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I have a binary classification problem where most of the features are categorical with 4 possible values: yes, no, irrelevant, nan. I am trying to find the modular global feature importance of those features to the target column (which is binary).

The columns represent checkups in a certain procedure. If there was any problem in a certain feature the value would be "yes", and otherwise it would be "no". If for a certain procedure, a certain checkup is irrelevant, the answer will be "irrelevant".

| Feature 1 | Feature 2  | Target |

| --------- | ---------- | ------ |

| Yes       | Irrelevant | Yes    |

| No        | Yes        | Yes    |

| NaN       | No         | No     |

How should I treat the irrelevant values?

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  • $\begingroup$ first of all, try to format your question as supposed to... second, modular global feature importance? what you mean? $\endgroup$
    – anon
    Jun 26, 2022 at 13:04
  • $\begingroup$ I guess it is a long version for "global importance", as in doi.org/10.1007/s42452-021-04148-9: "While a modular global feature importance measures the importance of the feature for the entire model, a local importance measures the contribution of the feature for a specific observation. " $\endgroup$
    – Ohm
    Jun 27, 2022 at 14:15
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    $\begingroup$ One can only begin answering this question after they understand what "irrelevant" might mean in the context of the dataset. Does it mean that for certain observations, that feature is irrelevant to the prediction of the target variable? You might want to give us some more information about the dataset. $\endgroup$ Jun 28, 2022 at 11:38

2 Answers 2

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The following answer is based on the reasonable assumption that for a certain (medical?) procedure, an irrelevant checkup(feature) always remains irrelevant. Eg: The procedure of checking for a fracture, a certain kidney checkup always remains irrelevant. I also assume that each procedure has a good amount of representation in the dataset.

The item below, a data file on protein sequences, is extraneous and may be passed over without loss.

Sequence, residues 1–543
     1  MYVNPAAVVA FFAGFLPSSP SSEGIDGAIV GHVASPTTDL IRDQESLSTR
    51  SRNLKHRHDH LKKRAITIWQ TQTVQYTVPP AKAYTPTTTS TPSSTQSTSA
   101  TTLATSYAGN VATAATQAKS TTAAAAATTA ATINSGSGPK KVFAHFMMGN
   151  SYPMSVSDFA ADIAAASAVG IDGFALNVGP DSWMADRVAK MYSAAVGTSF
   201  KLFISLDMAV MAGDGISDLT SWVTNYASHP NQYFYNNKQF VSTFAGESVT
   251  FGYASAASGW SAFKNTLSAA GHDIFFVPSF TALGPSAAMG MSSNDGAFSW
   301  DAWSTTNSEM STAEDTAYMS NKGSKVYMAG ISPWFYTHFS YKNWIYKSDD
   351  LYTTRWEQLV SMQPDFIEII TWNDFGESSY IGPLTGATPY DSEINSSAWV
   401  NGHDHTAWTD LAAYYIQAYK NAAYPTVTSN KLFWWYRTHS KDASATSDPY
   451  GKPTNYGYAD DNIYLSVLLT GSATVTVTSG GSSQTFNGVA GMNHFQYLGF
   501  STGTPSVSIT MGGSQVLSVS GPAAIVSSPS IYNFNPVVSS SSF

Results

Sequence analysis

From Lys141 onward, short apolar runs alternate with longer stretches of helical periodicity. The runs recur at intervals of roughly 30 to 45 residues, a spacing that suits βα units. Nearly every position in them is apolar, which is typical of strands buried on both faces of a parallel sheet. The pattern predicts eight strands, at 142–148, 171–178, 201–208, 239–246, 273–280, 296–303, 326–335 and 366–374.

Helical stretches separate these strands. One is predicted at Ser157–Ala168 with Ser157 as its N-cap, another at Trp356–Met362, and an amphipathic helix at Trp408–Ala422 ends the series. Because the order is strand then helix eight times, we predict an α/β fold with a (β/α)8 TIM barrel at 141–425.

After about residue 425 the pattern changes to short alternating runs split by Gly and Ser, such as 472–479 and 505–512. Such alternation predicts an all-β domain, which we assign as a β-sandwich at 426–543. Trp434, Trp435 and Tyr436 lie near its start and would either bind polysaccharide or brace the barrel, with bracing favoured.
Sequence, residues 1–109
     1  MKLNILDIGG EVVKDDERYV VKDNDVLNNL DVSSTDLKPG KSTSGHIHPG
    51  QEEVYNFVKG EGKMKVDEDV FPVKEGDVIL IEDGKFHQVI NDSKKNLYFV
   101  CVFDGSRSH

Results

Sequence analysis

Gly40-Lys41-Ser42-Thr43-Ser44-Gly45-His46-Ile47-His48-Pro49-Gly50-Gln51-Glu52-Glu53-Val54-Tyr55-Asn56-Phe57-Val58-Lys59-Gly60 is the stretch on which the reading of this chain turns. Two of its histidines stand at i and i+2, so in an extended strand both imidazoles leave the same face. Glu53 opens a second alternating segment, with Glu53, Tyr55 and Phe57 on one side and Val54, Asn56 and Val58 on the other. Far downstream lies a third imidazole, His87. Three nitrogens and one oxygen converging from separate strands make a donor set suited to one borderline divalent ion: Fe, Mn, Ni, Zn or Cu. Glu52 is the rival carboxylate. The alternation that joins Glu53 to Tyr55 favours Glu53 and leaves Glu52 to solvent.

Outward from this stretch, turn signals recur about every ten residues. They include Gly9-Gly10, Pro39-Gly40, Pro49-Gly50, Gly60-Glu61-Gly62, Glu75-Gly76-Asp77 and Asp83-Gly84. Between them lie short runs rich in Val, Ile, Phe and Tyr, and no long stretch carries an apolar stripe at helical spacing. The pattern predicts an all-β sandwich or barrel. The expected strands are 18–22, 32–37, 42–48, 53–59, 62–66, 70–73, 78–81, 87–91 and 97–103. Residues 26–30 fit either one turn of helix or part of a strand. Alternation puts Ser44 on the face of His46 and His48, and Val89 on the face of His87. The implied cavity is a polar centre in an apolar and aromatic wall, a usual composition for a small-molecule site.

Assuming Procedure type is known:

If you already have a column that tells about what procedure was being performed, you'd know for sure that all the instances of this procedure will have a specific set of columns as irrelevant. You can therefore perform a .groupby() to group these procedures. For a given procedure, You'd have some features that are always 'irrelevant' and other features which are never 'irrelevant'. Now, for every grouped dataset, you can perform Permutation Feature Importance from sklearn or ELI5 to get the feature importance of all features and can simply discard the features that were always 'irrelevant' (values for them will be 0 anyways, since permutating them doesn't change anything.).

You can aggregate different feature importances of the same feature either using the arithmetic mean or formulate it to also account for the number of occurrences of a feature across different procedures(for eg: if feature A occurs seven times(ie in seven procedures) with medium FI and feature B occurs only once(ie in one procedure) with high FI, you might want to give more weightage to A than B when calculating FI for the entire dataset).

Assuming Procedure type is unknown:

Even if this is the case, if the first assumption is true, you can still bucket instances based on the unique features that are irrelevant, consider the following example:

Instance # feature A feature B feature C
1 Yes No Irrelevant
2 No Irrelevant Irrelevant
3 Yes Yes Irrelevant
4 Yes Irrelevant Irrelevant
5 No No No

Then you can approximate different procedures based on unique patterns of features with 'irrelevant' values. In the above example that would give the grouping as $[\{1,3\}, \{2, 4\}, \{5\}]$. Then you can proceed in the same way as described in the first part.

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Permutation feature importance is a way to access global feature importance. Permutation feature importance is defined as the decrease in an evaluation metric when a feature value is randomly shuffled, breaking the relationship between the feature and the target. Any reduction in an evaluation metric is indicative of how much the model depends on the feature. Permutation feature importance can be used with any machine learning algorithm (assuming tabular data).

One option would be to feed all the information into the permutation feature importance algorithm, letting the algorithm figure out the empirical importance of each feature for this task.

Even though a feature is labeled as "Irrelevant", it might still have some importance for prediction.

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